Latest Comparison of the health care systems in Canada and the United States Stories
Racial differences in life expectancy have declined nationally but still vary substantially across U.S. states.
Yet Canadians in the dark about cancer survival rates OTTAWA, June 24, 2014 /CNW/ - Cancer isn't always a matter of life and death anymore - today, an increasing number of Canadians
In the first four years after Massachusetts instituted comprehensive health reform in 2006, mortality in the state decreased by 2.9% compared with similar populations in states that didn't expand health coverage.
Over the last decade, the biggest driver of the high health care costs in the United States has been neither the aging of the population nor the large numbers of tests and treatments being prescribed.
Countries facing severe shortages and poor distribution of health workers could benefit from training and deploying more mid-level health workers, such as midwives, nurses, medical assistants and surgical clinicians.
As the nation's health care system prepares for uninsured Americans to gain health insurance coverage under the Affordable Care Act, a question hangs over crowded hospital emergency departments: Will the newly insured make fewer ER visits than they do today?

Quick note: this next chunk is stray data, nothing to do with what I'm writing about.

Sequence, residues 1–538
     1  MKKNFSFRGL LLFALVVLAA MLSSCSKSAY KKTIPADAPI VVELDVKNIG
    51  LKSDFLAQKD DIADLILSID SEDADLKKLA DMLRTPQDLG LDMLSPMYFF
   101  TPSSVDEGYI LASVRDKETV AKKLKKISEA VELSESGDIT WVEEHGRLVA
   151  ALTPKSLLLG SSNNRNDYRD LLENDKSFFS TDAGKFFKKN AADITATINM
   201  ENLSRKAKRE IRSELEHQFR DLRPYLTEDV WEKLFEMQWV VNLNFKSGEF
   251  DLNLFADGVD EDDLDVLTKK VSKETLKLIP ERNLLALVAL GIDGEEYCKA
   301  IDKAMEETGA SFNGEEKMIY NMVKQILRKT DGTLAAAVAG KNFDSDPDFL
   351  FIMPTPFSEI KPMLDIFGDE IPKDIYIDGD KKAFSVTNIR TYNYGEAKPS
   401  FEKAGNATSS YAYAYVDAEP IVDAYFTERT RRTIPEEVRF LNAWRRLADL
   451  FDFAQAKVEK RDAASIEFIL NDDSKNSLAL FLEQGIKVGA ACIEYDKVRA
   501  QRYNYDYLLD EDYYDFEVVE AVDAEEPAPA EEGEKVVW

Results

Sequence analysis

State public health departments do not necessarily lose funding when merged with larger Medicaid programs.
A new study by researchers at the George Washington University School of Public Health and Health Services (SPHHS) finds no evidence that primary care physicians provide "second-class" care to Medicaid, uninsured and other patients who rely on the nation's safety-net system.
Patients with low socioeconomic status use emergency and hospital care more often than primary care because they believe hospital care is more affordable and convenient, and of better quality than care provided by primary care physicians.
Hospital performance on publicly reported conditions (acute myocardial infarction [heart attack], congestive heart failure, and pneumonia), may potentially be used as a signal of overall hospital mortality rates.
- Large; stout; burly.